The Sims 2: Apartment Pets
Doesn't matter whether it's dog or cat poop. This game stinks.
When The Sims 2: Apartment Pets came in the mail, we were excited to get our paws on it. Previous experiences with spin-off Sims 2 games left us scowling, and we wanted more than anything to wipe the slate clean. Unfortunately, Apartment Pets isn't the revelation we hoped it'd be. Pets are no doubt a great addition to the Sims universe, but focusing on animals leaves Apartment Pets noticeably void of any classic Sim gameplay.
Forget making friends, cooking meals and gardening. In Apartment Pets, you are a slave to the good care of your furry friends. You still make sure that your Sim eats, sleeps and uses the bathroom, but that's it. There is no Free Play, so it's the Story mode or nothing. When you enter the game, you learn that your uncle Bill is away on some mysterious trip and he's let you stay in his apartment until he comes back. You don't have to pay rent, but you are in charge of running his pet spa.
So here you are in a new apartment and with a new business. As soon as the game begins, you should expect Sims to ask for your animal expertise (they just want free room and board for their pets). Your uncle Bill told all of his animal cronies that you took his place at the local shelter while he is away, so naturally, random Sims will show up unannounced with pet in hand. Your days are soon filled with some stranger's cat or dog running through your apartment demanding attention. Eventually, you come to resent them, because making or buying pets of your own isn't an option. That's right. The only dogs or cats you can bond with are the animals dumped in your lap. After all of your hard work and perhaps a bit of bonding, their owners magically return, leaving you with a bit of cash.
When you are not ensuring the happiness of your foster pets, you must take care of the customers who come to your spa. About five customers walk through the door each day, each with a different pet and a combination of problems. As you continue to diagnose and treat your clientele, you find that these tasks become tedious and boring. The only spa-related mini-game that maintains some of its appeal is the matching game where you outfit the animal in a specific collar, hat or eyewear.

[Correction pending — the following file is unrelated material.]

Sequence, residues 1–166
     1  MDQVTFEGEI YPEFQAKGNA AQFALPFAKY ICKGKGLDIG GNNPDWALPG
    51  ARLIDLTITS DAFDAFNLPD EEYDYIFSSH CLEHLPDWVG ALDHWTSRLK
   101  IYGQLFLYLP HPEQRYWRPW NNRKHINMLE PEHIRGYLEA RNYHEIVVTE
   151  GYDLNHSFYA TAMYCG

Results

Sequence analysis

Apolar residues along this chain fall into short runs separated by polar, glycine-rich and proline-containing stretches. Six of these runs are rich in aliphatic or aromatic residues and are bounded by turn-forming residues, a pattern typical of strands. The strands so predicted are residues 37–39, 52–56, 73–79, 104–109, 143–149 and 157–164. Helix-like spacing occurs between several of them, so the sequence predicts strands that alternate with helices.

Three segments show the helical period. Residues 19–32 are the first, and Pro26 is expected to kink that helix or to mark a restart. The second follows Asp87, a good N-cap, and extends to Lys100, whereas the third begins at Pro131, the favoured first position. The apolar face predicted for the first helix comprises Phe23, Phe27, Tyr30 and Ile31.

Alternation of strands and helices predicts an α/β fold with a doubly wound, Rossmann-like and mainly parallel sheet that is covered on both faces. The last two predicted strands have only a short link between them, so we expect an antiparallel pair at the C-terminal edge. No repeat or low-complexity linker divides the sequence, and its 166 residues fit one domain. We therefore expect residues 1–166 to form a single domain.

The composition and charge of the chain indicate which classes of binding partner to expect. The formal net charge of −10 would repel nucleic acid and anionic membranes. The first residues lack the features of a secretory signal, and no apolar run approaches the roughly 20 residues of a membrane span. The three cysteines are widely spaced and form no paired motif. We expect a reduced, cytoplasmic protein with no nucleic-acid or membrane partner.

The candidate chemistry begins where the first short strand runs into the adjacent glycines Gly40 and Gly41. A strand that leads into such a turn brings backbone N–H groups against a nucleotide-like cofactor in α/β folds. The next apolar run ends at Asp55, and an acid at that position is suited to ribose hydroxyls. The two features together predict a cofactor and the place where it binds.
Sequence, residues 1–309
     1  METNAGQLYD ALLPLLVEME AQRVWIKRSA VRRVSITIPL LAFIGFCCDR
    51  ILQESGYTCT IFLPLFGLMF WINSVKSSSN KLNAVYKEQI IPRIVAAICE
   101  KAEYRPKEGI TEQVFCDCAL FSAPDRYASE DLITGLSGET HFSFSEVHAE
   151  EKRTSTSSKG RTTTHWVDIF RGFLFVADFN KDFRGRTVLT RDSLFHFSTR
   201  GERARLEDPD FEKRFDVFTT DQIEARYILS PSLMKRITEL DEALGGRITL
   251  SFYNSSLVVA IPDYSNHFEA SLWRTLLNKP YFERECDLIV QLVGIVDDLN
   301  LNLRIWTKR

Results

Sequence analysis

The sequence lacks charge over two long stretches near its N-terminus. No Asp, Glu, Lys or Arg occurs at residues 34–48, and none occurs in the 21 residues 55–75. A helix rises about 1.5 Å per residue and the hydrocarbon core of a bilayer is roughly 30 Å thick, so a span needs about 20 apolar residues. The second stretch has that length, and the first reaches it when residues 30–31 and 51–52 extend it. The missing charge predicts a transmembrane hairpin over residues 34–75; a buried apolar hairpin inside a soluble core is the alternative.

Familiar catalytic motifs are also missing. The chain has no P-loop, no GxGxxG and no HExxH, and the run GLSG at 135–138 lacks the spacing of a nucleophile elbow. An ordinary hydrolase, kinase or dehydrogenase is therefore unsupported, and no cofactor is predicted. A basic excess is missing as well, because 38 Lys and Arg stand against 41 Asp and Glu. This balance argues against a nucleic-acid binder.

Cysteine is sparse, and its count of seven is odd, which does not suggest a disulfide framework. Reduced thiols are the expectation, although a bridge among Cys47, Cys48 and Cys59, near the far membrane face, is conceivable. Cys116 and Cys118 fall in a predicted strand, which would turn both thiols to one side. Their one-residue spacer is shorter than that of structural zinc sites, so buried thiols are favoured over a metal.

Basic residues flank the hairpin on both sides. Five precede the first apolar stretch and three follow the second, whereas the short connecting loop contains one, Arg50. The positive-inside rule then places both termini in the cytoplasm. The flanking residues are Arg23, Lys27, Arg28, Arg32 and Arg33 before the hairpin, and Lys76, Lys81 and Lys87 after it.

After earning that dolla dolla bill, you can spend your cash on the pets, the spa, your apartment or yourself. Don't get too excited though, because your shopping spree won't last long unless you've saved up for awhile. The purchasable items in Apartment Pets are all incredibly expensive and small items like a shirt or even a toy mouse for your cat can cost over $2,000. If you can manage to save enough for a new couch, you don't even get the privilege of placing it. The game does all your decorating automatically.
Socializing is another classic Sims feature that is missing from this game. You can greet and admire your customers' pets, but that is the extent of your friend-making. There are no crazy date nights or house parties to be had because your Sim is just a side-note to the overall animal theme. Because of that, calling this a Sims game is misleading.
The Sims 2: Apartment Pets is a subpar pet game, complete with birds, guinea pigs, snakes and rabbits to interact with and enjoy. Graphically, it resembles other portable Sim games of this generation, but that is where those similarities end. If you are looking for a decent pet sim, this one may satisfy, but if you were hoping for a more Sim-focused experience, keep searching.
What's Hot: Pets.
What's Not: Shallow customization options, no social capabilities, no pets of your own.